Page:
I don’t know who will be reading this column so it would be irresponsible for me to dispense any specific advice. The best I can do is share some of my experience and thoughts; you might find some of what I say helpful, or you might disagree based on your own experiences. At the end of the day it’s up to you to figure out what’s best for your own life. Whether or not you agree with anything I have to say, if I can get someone to think about the world just a little differently – even for a moment – I’m going to call that a “win.”


When No News Isn’t Good News

by Tamar Caspi under Date Night,Online Dating,Relationships

There are a few times that no news is not good news when dating or in a relationship:

  1. After your first date: if you haven’t heard from a date within two days, then chances are you never will. And, if you hear after a week or two, then chances are your date isn’t really interested, but is bored and lonely. Don’t fall into this trap and think this date suddenly changed their mind about how great you are a few weeks later, they are simply looking for a hook-up.
  2. After dating for a couple months: if you suddenly don’t hear from someone you’ve been dating regularly, then chances are they are too chicken to break things off with you and are playing the disappearing act instead. You can move on or send a voicemail/text to let them know that you are sad they couldn’t just tell you it’s off, but that you wish them luck in the future. Be the better person and don’t throw barbs about how immature they are acting.
  3. After going through a tough time while being in a monogamous relationship: if your significant other doesn’t ask follow-up questions when you make a statement about having a stressful day at work, or getting into a fight with a loved one, or not feeling well, then chances are your S.O. is likely checking out of the relationship. If your S.O. isn’t interested in what’s going on in your life… then it’s time to have a talk.

Regardless of your situation, when you aren’t getting the response or communication you need, then speak up… you have nothing to lose!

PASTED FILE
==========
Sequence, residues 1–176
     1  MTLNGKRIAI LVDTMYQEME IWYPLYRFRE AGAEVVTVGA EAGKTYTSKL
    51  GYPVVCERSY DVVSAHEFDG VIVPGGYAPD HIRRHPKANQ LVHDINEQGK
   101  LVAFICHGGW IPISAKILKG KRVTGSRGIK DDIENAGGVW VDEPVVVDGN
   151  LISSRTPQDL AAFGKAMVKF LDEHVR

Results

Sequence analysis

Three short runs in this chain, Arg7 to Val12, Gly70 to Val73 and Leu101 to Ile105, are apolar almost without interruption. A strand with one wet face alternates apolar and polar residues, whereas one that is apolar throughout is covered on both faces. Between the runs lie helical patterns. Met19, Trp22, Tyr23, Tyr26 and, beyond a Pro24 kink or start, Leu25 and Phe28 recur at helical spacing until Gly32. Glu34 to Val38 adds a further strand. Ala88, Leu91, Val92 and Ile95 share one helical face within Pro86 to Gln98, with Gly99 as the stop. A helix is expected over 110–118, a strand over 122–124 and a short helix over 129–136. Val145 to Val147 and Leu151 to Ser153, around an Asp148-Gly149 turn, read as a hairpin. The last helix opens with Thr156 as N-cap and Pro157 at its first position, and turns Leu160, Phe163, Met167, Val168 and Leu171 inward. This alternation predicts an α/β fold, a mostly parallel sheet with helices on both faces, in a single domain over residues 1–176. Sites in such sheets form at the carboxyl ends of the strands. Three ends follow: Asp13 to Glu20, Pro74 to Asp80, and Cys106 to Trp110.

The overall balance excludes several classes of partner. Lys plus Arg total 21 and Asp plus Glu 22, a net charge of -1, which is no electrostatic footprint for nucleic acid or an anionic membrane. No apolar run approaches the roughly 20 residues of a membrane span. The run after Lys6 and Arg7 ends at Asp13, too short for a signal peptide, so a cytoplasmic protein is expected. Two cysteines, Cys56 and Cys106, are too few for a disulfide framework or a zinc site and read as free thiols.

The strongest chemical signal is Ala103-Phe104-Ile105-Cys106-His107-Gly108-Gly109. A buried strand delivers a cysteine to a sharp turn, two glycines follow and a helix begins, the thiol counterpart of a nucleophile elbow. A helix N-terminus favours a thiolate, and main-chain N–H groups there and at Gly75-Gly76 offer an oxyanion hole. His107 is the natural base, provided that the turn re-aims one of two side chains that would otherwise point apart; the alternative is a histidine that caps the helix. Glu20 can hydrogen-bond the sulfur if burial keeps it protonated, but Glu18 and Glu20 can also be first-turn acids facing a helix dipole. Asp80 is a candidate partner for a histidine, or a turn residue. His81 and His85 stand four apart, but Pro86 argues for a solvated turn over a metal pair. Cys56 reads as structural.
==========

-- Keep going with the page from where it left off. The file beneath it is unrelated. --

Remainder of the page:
De-Clutter… Everything!

by Tamar Caspi under Date Night,Online Dating,Relationships,Single Life

Once, while going to the bathroom at a date’s house, I watched a slug inch its way out of the shower drain. I was totally grossed out and was about to turn on the shower to wash it down the drain, but only then realized there was just a square left on the toilet paper roll. Luckily, I had tissues in my purse (which I had brought in with me to freshen up my makeup). When I went to dry my hands though, I couldn’t find a hand towel. And when I went to turn on the water to drown this slimy thing, there was no showerhead! The water just burst straight out of the pipe from the wall! I decided to forget about the slug and returned to kitchen where I found an empty fridge, except for some random cans of beer and a dingy-looking box of baking soda.

Repulsed, I decided to concentrate on what I considered to be the cleaner, nicer areas of the house. Except I had overlooked the spider webs in the ceiling corners, the threadbare carpet, and the foot-high pile of mail… because I liked the guy. But now? Now I had an entirely new perspective on both his home as well as him. If he couldn’t keep his home clean, in even the most hygienic of ways at minimum, then what else in his life was lacking?

A recent study continues to make the rounds on social media connecting creative people with being messy. As if people needed another excuse to be untidy! But when you’re dating, you need to de-clutter… and that goes for your house and your life.

First things first, if you’re going to bring a prospect home then you need to clean up. You can do it in an hour or less and with a pack of disinfectant wipes. Make your home presentable because a date will judge you by the state of your home. Your furniture doesn’t have to be expensive, but it does have to be clean and neat, even it means throwing things in drawers and closets for the day.

Next, make it a priority to de-clutter your life. Your personal Facebook page doesn’t need more than 1000 “friends” and neither do you. Get rid of those people who cause drama in your life and while you’re at it, unfriend the people who you don’t really know.

Another study I like better shows how simplifying your life will help you make important decisions.

That guy who’s house was totally gross? He’s still single six years later. And no, he’s not a creative type. And yes, his closet was packed to the brim with clothes!


I Moustache You a Question

by Tamar Caspi under Date Night,News,Relationships

Between the facial hair trend and “Movember” starting back up again, guy’s faces are looking scruffier than ever.

The Movember movement was created to raise awareness for men’s health issues, and it’s awesome that so many men are participating by growing their moustaches, beards, and goatees. But, women really don’t want their man’s facial hair to get in their mouth during a kiss… nor do they want to have chapped lips and chafed cheeks after a lengthy make-out session.

Unless you’re raising money for Movember, then either shave or keep your trimmer ready and waiting for a daily grooming session. Some men look great with a moustache or beard, but if you are hearing from your family and friends that you should shave, then perhaps you should listen and break out the shaving cream and razor.